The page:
The light is made from aluminum and is anodized in a black or blue finish. I have the blue here but will be giving away the black version. Instead of being round like most pens, this one is more rectangular. At the pen end it has an area milled that allows the head to be pulled out of a detent and then rotated into to swap from the ink pen to one of the other available tip options. 

In the middle of the pen there is a circle that is magnetic. It’s strong enough to hold the light up in horizontal and vertical positions, and is a good balance point to allow it to spin, so kind of a fidget toy too. This allows the pen to become a mini work light too with the light bar folded out. 

The clip here is machined out of a solid piece of aluminum and is attached via the pivot mechanism the light portion is made from. It has a small place that looks like a tritium tube would fit my my 1.5mm x  6mm are too big, so possibly something smaller would fit. The clip allows for deep carry and has good retention in jeans and other pants I tried. 

The light portion is on the top back of the pen and folds out from the top. It has 270 degrees of rotation, with detents at 90 and 180. It stays in place but there is a bit of what I would in the knife world call blade play which is unfortunate. The light is allowed to shine through the opposite side of the body too.


Size and Weight

I measured the size and weight of the pen, as it came to me in the box with the glass breaker tip installed at 51.3g. Overall length when closed was 142mm, length when open is 215mm. Diameter is roughly 14mm by 10.5mm. It’s a little slimmer diameter to a Sharpy marker.


Here are some comparison photos to some other EDC Pen’s I have.


As a Light

The light here has 5 LED’s on it’s light bar all behind a diffusing piece of plastic. Instead of using RGB LED they went with individual LED’s for each color, white, red, and blue, with 2 white LED’s for more output and more even light. 

Output levels are 3 lumens, 30 lumens, and 130 lumens according to Wuben. This is powered by an internal  120mAh lithium polymer battery. Runtime follows the voltage curve of the battery pretty well, indicating this isn’t likely a regulated driver. It also doesn’t have low voltage protection so keeping the battery on the fuller side would be better for health. ON high the light got about 2 hours of runtime before it hit 10% relative output. Heat isn’t an issue here. 

The user interface is pretty simple here, single click to turn on, and long press to cycle though the 3 white modes. The light starts on Low, Med, High, and does have memory. Single press turn off at any point. To get into the flashing red, blue, red/blue mode, double press when on or from off. Single press to turn off. Memory does remember the flashing modes too. 


The light is rechargeable via onboard microUSB. When charging the switch on the outside of the light will turn red, and then blue when charged. I measured charging speed of the internal 120mAh battery at a wopping 0.10A. Total charge time was 53 min and the curve was flat.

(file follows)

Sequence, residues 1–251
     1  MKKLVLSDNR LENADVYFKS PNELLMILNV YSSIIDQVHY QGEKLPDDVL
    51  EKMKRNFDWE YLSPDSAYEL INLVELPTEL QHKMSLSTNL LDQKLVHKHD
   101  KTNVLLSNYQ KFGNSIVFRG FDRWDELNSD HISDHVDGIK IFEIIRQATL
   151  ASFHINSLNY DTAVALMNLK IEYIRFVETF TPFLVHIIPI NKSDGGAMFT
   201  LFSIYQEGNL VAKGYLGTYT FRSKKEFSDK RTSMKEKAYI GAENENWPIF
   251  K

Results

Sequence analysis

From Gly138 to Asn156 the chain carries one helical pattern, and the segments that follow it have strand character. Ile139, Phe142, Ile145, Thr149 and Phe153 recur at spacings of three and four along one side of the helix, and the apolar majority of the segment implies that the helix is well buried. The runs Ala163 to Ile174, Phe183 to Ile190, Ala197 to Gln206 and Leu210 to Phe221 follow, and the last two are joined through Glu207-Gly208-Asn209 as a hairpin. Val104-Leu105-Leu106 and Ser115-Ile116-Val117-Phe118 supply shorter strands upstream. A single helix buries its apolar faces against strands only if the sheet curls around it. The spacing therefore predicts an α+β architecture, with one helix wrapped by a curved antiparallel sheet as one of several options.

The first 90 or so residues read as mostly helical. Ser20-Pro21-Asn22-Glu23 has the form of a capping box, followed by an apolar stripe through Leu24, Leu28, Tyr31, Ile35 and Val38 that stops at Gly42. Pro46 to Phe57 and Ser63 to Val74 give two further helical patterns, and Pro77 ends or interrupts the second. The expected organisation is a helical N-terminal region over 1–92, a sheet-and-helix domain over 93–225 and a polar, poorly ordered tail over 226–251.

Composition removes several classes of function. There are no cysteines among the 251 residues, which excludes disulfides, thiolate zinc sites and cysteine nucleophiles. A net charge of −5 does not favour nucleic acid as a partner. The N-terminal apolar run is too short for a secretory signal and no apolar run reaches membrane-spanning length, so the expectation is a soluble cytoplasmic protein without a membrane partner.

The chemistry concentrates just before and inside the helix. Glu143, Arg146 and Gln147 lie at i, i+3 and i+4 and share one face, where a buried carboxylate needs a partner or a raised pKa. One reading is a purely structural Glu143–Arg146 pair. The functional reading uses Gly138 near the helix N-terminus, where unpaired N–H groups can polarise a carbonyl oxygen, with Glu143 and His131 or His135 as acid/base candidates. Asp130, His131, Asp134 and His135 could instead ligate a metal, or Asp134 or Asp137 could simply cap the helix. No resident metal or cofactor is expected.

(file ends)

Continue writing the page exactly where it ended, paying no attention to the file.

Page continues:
As a Pen

The Wuben E61 Gecko is a light duty pen in my opinion. That’s mainly due to the small size of the cartridge 22.5mm in overall length. This doesn’t leave much room for ink about 9mm of visible ink in my cartridges. The good news is here that the cartridge is a pretty standard design ballpoint design, so you can find things that will fit in your average Bic pen, or hotel pen, but to use these you need to first write 90% of the pen so you can cut the empty tube and it will fit. In the hand it’s ok, it’s not the worlds most comfortable pen, but for short uses it does the job just fine. I like the diameter here better then say the Olight Open which I will review in the next few weeks. 

Don’t forget the other accessories on the opposite side of the pen too, you have a metal scribe tip, a ceramic ball for a glass breaker, and the stylist tip. These may end up being a little more practical depending on your use case and the ink pen may become a secondary for you.



  • Non proprietary ink cartridge but it will require a bit of customization.
  • The light bar function here is more useful then your average pen light, especially with the side magnet making it an actual usable light.



  • It would be nice to see USB-C here.
  • Very small ink cartridges.
  • Pivot points seem to use a proprietary head design.



I like that this isn’t a tactical first pen light, It’s pretty usable for everyday, although with the very small ink cartridges I wouldn’t want to do tons of writing with it or you will be swapping in new cartridges frequently. So like a lot of pen light designs it makes compromises on both the pen and the light side. The weight here is nicely balanced so that when using it, it doesn’t have a lot of weight at the back end which is good. 

As a light it has a fairly even beam in white mode and is fairly decently diffused. It’s L,M,H which is good, and double click to get into the colored strobe mode which is good. I just kind of question what you would practically use the red, blue, red/blue strobing modes for practically, maybe to get someone’s attention on the side of the highway? 

Let me know what you think of the Wuben Gecko E61 in the comments below, and don’t forget to visit my instagram @Liquidretro to enter the giveaway to get one for yourself.